Michael E. Mann

 

On his and Tom Toles’ book The Madhouse Effect: How Climate Change Denial Is Threatening Our Planet, Destroying Our Politics, and Driving Us Crazy

Cover Interview of March 29, 2017

Lastly

The Madhouse Effect has newfound prescience.  Unforeseen when it was first published in early Fall 2016 is the relevance that the phenomenon of climate change denial now has, after the November 2016 U.S. presidential election.

To the extent we might have seemed to have escaped it, we now find ourselves very much back in the madhouse of climate change denial.  If previously the clock has been ticking, depending on the new administration’s actions, we may be facing a clock that could run out.  That makes the challenge of acting to avert catastrophic climate change even greater now than it was before.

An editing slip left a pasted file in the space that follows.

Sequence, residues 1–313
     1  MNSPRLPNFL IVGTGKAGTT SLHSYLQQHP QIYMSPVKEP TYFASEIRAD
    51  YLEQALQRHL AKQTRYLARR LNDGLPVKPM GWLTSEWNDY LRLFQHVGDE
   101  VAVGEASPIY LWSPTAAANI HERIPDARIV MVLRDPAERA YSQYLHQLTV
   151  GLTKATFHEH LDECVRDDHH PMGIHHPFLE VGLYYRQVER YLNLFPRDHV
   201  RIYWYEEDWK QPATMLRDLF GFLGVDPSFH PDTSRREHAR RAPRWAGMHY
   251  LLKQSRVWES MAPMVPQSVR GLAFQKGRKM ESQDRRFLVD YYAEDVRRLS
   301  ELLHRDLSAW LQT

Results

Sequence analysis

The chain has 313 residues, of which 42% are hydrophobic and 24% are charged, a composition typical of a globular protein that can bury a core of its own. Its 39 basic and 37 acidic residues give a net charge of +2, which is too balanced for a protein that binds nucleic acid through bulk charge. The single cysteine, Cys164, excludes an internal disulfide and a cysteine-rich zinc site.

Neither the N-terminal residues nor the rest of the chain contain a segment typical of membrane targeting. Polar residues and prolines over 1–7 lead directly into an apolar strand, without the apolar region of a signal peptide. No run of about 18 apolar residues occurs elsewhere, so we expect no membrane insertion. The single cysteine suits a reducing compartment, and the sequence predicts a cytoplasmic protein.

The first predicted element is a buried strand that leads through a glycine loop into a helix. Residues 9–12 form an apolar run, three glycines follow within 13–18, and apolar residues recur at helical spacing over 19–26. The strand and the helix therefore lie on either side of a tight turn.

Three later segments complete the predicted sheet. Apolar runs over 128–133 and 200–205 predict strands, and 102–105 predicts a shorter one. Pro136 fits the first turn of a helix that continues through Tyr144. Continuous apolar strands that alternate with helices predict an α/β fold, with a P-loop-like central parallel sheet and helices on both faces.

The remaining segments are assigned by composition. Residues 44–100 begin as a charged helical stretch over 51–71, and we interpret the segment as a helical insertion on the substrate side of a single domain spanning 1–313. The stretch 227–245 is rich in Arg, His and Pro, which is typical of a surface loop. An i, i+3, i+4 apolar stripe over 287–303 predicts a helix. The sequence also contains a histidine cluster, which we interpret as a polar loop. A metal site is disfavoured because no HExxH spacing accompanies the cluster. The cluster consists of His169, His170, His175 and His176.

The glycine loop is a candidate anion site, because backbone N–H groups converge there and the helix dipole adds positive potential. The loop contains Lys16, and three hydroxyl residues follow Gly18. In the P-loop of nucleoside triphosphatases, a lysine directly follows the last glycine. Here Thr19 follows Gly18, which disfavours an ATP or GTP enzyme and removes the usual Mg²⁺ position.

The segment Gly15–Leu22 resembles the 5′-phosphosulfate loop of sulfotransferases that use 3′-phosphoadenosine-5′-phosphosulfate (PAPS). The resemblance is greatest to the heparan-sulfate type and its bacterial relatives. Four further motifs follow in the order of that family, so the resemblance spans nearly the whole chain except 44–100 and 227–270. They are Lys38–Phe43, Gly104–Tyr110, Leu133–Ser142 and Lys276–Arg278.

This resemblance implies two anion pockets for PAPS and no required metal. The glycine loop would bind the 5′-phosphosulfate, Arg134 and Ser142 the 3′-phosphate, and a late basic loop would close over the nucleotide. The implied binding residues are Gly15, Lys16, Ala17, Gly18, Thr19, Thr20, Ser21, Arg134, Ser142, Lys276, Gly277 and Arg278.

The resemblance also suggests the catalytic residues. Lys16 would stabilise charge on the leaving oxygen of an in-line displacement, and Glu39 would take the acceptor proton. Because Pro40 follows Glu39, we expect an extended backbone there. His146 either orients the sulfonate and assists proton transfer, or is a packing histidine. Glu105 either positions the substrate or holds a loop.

That, in turn, makes it even more important that individuals engage in the actions that we motivate in the final chapter of The Madhouse Effect — grassroots efforts to mobilize public concern and support for action, putting pressure on our elected representatives, and encouraging international cooperation.

There is still reason for cautious optimism given the progress both in the U.S. and abroad in moving away from fossil fuels.  We have seen policy progress at the international level — the 2015 Paris agreement and the commitment to build on it.

While Trump and climate-change denying republicans might deal a temporary setback, they cannot ultimately stem the tide — the world has decided it is time to move beyond the antiquated age of fossil fuels.  We will solve the problem.  If anything, this message of The Madhouse Effect is even more salient now than it was when the book was published.